German business sentiment rebounded in November, breaking a streak of six straight declines. It's a sign Europe's largest economy is gaining momentum again. But as Sonia Legg reports it'll take more than that to get the euro zone's economy back on its feet.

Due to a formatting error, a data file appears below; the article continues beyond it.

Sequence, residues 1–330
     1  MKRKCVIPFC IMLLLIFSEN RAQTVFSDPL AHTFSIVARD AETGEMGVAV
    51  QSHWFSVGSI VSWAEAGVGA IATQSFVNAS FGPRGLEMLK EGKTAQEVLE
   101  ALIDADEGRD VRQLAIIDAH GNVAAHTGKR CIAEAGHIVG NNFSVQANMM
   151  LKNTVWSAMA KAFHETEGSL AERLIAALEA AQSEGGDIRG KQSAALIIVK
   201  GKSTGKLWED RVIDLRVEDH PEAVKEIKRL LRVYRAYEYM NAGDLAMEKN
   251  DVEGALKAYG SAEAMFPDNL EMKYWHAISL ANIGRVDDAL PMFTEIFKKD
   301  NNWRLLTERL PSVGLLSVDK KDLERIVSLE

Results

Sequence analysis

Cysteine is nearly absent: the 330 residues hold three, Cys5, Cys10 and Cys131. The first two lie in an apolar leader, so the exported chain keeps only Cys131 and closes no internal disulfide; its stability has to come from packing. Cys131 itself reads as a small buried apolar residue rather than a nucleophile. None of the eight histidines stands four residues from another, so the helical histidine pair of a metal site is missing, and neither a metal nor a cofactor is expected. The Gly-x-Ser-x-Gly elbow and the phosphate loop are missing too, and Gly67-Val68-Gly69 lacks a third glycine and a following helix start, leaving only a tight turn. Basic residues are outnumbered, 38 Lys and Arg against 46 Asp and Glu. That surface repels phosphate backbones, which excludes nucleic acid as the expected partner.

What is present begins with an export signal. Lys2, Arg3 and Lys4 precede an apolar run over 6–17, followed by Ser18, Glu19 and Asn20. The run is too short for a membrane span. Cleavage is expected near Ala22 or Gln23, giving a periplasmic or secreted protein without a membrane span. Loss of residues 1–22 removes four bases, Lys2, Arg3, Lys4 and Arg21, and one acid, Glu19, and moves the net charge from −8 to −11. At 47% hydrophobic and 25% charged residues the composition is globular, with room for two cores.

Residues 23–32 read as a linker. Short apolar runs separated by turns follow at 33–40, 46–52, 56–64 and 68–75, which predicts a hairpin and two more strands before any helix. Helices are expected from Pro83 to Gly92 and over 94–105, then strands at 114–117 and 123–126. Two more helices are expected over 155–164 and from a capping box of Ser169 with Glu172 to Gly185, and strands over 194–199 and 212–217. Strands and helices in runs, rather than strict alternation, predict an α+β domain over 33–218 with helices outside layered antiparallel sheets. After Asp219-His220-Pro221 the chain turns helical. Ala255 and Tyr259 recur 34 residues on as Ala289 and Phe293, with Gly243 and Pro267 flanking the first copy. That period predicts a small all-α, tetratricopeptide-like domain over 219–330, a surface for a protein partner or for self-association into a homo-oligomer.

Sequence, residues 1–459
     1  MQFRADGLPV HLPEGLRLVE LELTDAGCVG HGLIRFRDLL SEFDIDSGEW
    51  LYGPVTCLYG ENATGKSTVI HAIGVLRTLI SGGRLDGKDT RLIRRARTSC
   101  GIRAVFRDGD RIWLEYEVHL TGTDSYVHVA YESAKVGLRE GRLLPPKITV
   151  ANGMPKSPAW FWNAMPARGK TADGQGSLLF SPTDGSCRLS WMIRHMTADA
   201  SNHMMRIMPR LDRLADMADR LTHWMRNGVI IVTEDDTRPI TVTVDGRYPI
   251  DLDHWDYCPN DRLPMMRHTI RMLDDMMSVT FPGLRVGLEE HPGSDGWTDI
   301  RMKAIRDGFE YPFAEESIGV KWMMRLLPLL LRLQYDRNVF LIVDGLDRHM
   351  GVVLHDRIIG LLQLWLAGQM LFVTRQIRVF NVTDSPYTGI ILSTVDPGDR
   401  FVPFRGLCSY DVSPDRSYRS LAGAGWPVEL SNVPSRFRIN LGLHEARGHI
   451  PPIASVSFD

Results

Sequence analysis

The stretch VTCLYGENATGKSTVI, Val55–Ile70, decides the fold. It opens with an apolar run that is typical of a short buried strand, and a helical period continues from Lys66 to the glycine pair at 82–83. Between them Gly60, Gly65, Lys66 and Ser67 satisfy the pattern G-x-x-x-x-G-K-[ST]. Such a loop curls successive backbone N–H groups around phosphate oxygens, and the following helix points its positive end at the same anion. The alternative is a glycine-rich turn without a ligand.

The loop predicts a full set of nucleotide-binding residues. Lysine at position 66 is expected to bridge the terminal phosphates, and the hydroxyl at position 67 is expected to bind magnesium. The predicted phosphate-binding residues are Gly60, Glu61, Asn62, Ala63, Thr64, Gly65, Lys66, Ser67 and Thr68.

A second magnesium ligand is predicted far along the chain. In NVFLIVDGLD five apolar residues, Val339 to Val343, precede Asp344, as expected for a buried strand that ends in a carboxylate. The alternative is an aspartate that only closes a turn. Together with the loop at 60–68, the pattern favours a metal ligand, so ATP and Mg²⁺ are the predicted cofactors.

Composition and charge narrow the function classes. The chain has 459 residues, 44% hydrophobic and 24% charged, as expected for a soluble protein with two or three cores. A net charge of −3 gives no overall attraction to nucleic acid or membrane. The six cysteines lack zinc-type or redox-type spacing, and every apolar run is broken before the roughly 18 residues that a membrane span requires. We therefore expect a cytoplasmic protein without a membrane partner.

A rebound in German business sentiment after six straight months of decline was welcome news. Europe's largest economy had narrowly avoided a recession in the third quarter. A low euro helped. But Klaus Wohlrabe from the IFO Institute says Christmas business should be good. (SOUNDBITE) (German) IFO INSTITUTE ECONOMY EXPERT, KLAUS WOHLRABE, SAYING: "Consumption has been a pillar for the entire year so far and this will be the case for the German economy in the fourth quarter, too. People's income and employment prospects are very good. In the retail sector we are seeing that expectations have taken a positive direction." But German markets were largely indifferent - the Dax opened almost unchanged. Robert Halver is from Baader Bank (SOUNDBITE) (German) HEAD OF CAPITAL MARKET ANALYSIS AT BAADER BANK, ROBERT HALVER, SAYING: "There are still ongoing crises and although IS and Ebola no longer dominate the news, the Ukraine-Russia conflict is still very present. So I would call the situation a 'recovery position.' It's not positive because it's a smoldering fire but people can live with it because the German economy is looking more and more towards the United States. India, China and Indonesia are pretty stable too." Germany's fortunes have a significant impact on the rest of the euro zone. But CMC Markets Michael Hewson says it'll take more than one positive piece of data to solve the region's problems. (SOUNDBITE) (English) CMC MARKET COMMENTATOR, MICHAEL HEWSON, SAYING: "Later this week we are going to get the latest unemployment figures out of the wider EU - it's still expected to remain very, very high. Italy is a concern, France is a concern - the debt burdens of the peripheral countries still remain a concern. I really would like to see some more significant data points over the next few weeks before we suggest we are over the worst." The ECB has promised to act to combat worryingly low inflation But there is a downside to Germany's revival - it may make them even less likely to agree to a cash injection. And many see that as the only way to build a better economy in Europe